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There has been nothing quite like the lockdown of 2020-21 in the history of cinema, but it echoes what happened to art cinemas during World War II. In Britain, all cinemas were ordered closed at the outbreak in September 1939 – then were allowed to reopen within the month. Most of them continued even through the Blitz a year later, in 1940-41, but art cinemas – sometimes called ‘continental’ cinemas – were a different case. Some simply never reopened, others went into hibernation; a couple held out. Post-war recovery took a few years, but when it came film culture thrived in Britain as never before.
Continental cinemas were a phenomenon of the 1930s. By the summer of 1939 there were five in central London, and others in Glasgow and Cambridge. Another, the Bristol Academy, had the misfortune to open just after the declaration of war, on 23 September. By then they were almost completely reliant on French films, with so much of the continent being under dictatorship even before the war.
The two major venues, the Curzon, a purpose-built modernist structure in Mayfair, and the Academy, on Oxford Street, closed for the duration. The Curzon’s owner, the Marquis de Casa Maury – Cuban-born pilot, yachtsman and racing-car driver – enlisted in the RAF at the start of the war, and the building went into government service. The Academy stuck it out till October 1940, when it was damaged in the bombing; afterwards its manager Elsie Cohen also joined the war effort, in forces entertainment. Both of these venues would return under new management, but others – the Berkeley, the Paris, the Embassy – never did.
One exception was Studio One, on Oxford Circus, which reopened as the Blitz was winding down, in March 1941, with Charles de Gaulle in attendance. There were of course no new films to import, and Studio One relied on revivals, played for long runs. Plenty of continental films of the 1930s had never been released, however, so that the British debut of Marcel Carné’s Le Jour se lève (1939) came in April 1944. The other exception was the Tatler, near Cambridge Circus, which began showing Russian films from October 1941, starting with Sergei Eisenstein’s Alexander Nevsky (1938) – never before shown in public in the UK.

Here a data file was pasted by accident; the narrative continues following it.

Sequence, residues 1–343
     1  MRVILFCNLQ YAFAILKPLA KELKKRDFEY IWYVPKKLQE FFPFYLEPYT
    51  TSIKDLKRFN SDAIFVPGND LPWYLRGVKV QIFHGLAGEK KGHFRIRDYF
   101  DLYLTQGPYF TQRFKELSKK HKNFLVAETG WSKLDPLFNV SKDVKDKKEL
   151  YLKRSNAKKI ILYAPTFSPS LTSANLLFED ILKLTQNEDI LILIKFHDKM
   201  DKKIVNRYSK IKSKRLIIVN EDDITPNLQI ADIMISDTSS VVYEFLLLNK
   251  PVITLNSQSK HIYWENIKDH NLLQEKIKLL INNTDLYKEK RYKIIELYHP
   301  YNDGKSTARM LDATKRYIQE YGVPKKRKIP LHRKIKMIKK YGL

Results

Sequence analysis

The film societies, which in the 1930s typically used cinemas for their occasional shows, were thrown into disarray by the war, but many kept going. As early as 1941, Norman Wilson, chairman of the Edinburgh Film Guild, described a renaissance of retrospective programming, made possible partly by the opening up of the British Film Institute’s archive to borrowers – bookings doubled that year and kept rising. By the war’s end some of the film societies were flourishing. The Merseyside Film Institute Society, whose rooms in Bluecoat Chambers were destroyed in an air raid in May 1941, had 1,000 members by 1945.
The Academy on Oxford Street reopened in March 1944, a few months before D-Day, mostly making do with revivals. That autumn the Sunday Times critic Dilys Powell visited Paris to be shown a batch of films made under German occupation, one of the highlights being Robert Bresson’s debut feature Les Anges du péché (1943). The newly liberated French studios were back at work, but the revival of European cinema did not begin in earnest for at least another year, its most obvious sign being the first Cannes Film Festival, in September 1946. A year later came the first Edinburgh International Festival of Documentary Films, as the city’s annual film festival was initially called. Both of these showcased major works from a country whose films had barely been seen in Britain since the 1910s – Italy.
A crisis like a war or pandemic is not always an accelerant of existing trends, and the war caused a change in the direction and character of British film culture. The film society movement was made up of volunteers, sustained by a missionary zeal that was inflamed not so much by war but by the prospect of social reconstruction afterwards. Its flavour is best captured in Roger Manvell’s bestselling paperback Film, published in the spring of 1944, which condemned “remote expression and recondite technique” as luxuries, and asked: “Do we go back to pre-war dope and depression, or do we go forward to recreation and actuality, to a vigorous international art in a vigorous international community?” But that zeal brought in all kinds of films, and that large audience was more open-minded than its tribunes, like Manvell and the documentary filmmaker John Grierson, were or pretended to be.
One explanation for the vitality of film culture after 1945 might be the deprivation that preceded it. Another is technological change, a shift from 35mm to 16mm, which made possible a wider distribution of a greater variety of films. There are obvious analogues for both now: nobody wants to go back to streaming and nothing-but, any more than anyone prefers 16mm to 35mm; but it does open up possibilities.
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Sight & Sound June 2021
In our current issue, Mark Kermode and Prano Bailey–Bond talk Censor and the 80s British censorship massacre. Read if you dare! Plus the history of ‘video nasties’, Kelly Reichardt on First Cow, Suzanne Lindon’s Spring Blossom, the sprawling brilliance of Robert Altman’s Nashville, and vintage Jack Nicholson. Available in print and digitally.Find out more and get a copy